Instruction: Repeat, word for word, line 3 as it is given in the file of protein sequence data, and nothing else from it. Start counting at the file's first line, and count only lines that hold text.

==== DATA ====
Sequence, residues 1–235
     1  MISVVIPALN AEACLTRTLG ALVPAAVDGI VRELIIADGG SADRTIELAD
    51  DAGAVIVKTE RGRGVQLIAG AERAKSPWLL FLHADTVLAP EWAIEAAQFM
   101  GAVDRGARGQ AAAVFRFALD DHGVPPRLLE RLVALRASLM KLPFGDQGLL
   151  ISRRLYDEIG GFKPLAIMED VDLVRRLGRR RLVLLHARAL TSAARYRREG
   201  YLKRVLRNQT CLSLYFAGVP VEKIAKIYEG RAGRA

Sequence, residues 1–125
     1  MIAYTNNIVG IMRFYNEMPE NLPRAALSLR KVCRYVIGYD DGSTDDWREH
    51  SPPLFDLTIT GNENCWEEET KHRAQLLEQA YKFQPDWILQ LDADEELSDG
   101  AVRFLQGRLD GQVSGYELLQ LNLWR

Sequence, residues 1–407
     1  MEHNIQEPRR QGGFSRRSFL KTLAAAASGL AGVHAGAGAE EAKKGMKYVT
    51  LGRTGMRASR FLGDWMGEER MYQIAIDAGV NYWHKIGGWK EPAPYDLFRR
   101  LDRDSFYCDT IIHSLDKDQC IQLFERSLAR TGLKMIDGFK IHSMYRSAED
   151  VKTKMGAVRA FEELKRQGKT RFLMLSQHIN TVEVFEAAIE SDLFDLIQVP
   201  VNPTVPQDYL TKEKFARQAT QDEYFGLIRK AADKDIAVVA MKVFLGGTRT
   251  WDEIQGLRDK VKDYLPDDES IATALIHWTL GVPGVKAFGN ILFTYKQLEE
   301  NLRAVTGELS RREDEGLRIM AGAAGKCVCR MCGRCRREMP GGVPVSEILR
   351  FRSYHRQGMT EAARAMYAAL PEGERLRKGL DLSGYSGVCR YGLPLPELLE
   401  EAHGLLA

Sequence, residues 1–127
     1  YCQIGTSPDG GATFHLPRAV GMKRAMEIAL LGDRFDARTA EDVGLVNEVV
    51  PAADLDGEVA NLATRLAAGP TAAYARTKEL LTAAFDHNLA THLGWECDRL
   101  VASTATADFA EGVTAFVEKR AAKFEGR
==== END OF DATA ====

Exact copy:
    51  DAGAVIVKTE RGRGVQLIAG AERAKSPWLL FLHADTVLAP EWAIEAAQFM